All shipping at this stage was still wind powered and the treacherous bar at the mouth of the river would continue to claim cargo and lives for many decades. The shifting sand bars, which required careful navigation by experienced and talented captains, continued to dog the traders with many ships being held up for months or worse, shipwrecked trying to cross into the river or out to the ocean. 

Among the new arrivals was an enterprising young man from Canada, William Yeager. He began trading goods up and down the river and by 1863 he had purchased the first steam tug to work in the district, changing the nature of river navigation and making bar crossings safer. He purchased land across the river at Oakland and established a trading depot and wharves. 

William Yabsley erected a huge ship-building shed at the junction which became a landmark for all river traffic. He began building steam-powered ships and tugs.

Three years later the Reverend John Thom brought the first sugar cane cuttings to the area thus beginning one of the district’s major agricultural activities. [By 1875 there were 75 sugar mills operating on the banks of the Richmond River but by 1891 this had dropped to 9].

Land was now eagerly taken up by free settlers who undertook subsistence farming. It soon became apparent that the subtropical climate was totally unsuited to sheep grazing and consequently stock losses due to fluke, footrot, catarrh and other diseases led to the diversification of agriculture including sugar, maize, corn and the pasturing of the first dairy cattle.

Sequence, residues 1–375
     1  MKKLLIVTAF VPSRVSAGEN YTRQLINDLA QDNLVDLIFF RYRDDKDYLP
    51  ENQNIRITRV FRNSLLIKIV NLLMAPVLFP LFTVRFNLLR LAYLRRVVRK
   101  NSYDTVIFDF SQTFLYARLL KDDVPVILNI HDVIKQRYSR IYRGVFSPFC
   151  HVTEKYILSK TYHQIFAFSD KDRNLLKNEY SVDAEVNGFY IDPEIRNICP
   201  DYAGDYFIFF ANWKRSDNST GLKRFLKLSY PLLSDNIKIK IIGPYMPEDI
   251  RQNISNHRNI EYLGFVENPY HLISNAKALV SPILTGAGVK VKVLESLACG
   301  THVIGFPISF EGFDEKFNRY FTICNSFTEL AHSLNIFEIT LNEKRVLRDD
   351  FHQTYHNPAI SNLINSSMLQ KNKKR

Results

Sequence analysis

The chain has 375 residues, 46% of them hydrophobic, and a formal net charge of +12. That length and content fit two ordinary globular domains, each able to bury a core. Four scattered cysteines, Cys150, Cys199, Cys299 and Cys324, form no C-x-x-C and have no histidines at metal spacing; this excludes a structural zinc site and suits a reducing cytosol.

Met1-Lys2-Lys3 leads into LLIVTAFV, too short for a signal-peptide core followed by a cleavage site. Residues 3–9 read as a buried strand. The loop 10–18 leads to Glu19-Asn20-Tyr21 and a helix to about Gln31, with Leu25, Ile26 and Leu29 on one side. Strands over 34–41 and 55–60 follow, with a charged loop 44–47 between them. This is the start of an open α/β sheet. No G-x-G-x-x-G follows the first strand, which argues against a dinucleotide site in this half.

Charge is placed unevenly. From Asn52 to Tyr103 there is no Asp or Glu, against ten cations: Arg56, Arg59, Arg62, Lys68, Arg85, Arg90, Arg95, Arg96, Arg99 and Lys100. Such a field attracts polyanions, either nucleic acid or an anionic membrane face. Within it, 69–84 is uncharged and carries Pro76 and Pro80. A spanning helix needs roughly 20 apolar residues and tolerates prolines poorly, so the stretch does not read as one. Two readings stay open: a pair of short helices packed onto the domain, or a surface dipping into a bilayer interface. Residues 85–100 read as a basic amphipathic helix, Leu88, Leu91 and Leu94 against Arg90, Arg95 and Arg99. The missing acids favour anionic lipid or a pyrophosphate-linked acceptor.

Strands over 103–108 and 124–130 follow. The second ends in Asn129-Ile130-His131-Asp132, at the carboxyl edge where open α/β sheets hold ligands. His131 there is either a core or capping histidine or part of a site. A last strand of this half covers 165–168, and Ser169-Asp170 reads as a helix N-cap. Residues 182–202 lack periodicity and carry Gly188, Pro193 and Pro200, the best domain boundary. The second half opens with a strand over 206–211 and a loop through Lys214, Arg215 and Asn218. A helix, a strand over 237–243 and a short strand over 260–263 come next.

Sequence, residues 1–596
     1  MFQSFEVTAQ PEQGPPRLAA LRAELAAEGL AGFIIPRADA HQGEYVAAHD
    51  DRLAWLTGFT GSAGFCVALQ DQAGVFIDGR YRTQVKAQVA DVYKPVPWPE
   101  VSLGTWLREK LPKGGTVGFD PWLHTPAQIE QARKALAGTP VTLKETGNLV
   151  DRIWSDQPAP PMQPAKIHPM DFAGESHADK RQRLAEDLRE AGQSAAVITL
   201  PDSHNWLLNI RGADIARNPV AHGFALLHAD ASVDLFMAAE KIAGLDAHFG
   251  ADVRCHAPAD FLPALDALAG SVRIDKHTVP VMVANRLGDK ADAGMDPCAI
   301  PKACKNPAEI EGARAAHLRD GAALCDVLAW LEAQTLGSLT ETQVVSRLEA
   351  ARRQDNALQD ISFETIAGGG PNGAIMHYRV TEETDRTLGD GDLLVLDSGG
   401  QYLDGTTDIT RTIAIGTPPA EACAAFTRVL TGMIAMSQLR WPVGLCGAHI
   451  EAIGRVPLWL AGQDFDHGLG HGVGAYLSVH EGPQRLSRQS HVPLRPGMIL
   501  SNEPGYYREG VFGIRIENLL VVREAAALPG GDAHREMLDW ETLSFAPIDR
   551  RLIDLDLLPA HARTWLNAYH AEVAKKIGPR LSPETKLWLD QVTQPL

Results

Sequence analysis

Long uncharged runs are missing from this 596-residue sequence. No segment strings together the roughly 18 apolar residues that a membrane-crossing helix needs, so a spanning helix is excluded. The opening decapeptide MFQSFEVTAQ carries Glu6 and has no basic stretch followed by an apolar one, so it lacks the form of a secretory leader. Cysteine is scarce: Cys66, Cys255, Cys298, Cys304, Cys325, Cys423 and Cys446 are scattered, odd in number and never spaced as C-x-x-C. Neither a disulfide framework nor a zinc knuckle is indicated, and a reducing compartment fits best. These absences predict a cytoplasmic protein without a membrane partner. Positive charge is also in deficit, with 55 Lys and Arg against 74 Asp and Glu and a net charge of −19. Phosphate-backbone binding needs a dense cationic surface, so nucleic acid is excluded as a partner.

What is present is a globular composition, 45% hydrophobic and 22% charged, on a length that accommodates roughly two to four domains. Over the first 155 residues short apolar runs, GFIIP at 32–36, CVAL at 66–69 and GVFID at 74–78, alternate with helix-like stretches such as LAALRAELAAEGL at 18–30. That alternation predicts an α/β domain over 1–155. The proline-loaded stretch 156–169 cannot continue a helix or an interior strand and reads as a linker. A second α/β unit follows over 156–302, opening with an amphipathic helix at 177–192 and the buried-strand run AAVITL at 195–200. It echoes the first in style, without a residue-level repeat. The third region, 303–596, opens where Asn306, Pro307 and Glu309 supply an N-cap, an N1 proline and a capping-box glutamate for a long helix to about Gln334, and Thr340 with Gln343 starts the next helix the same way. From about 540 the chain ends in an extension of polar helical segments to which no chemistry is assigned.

A street plan for the village of Coraki was drawn up in 1866 with a mile-long river frontage called Richmond Terrace leading down to two large wharves. Thus followed the erection of a general store, the first hotel, a small church and a small cedar school building.  The town continued to prosper throughout the 1870s with large numbers of wind and steam-powered ships making the trip from the heads at Ballina up the river to collect the supplies from the wharves. The timber industry was still thriving with both Yabsley and Yeager each erecting large sawmills to supply the colony with sawn timber, rather than logs.

The latter part of the 19th century saw rapid progress with a new post office, police station, churches, schools, five hotels, a School of Arts and many opulent trading stores. The North Coast Steam Navigation Company established its head office at Coraki and the appearance of the new local newspaper, the ‘Richmond River Herald’ touted a new era for the town.The first municipal council was formed in 1891 and, on the back of the thriving dairy industry, a new butter factory was opened in 1898. Coraki was the most important river port and the most prosperous town in the district at the turn of the century. 

It looked as though Coraki would dominate the local business region but as the twentieth century evolved, and as river transport declined owing to better roads and rail, Coraki adapted to become a more community-based town.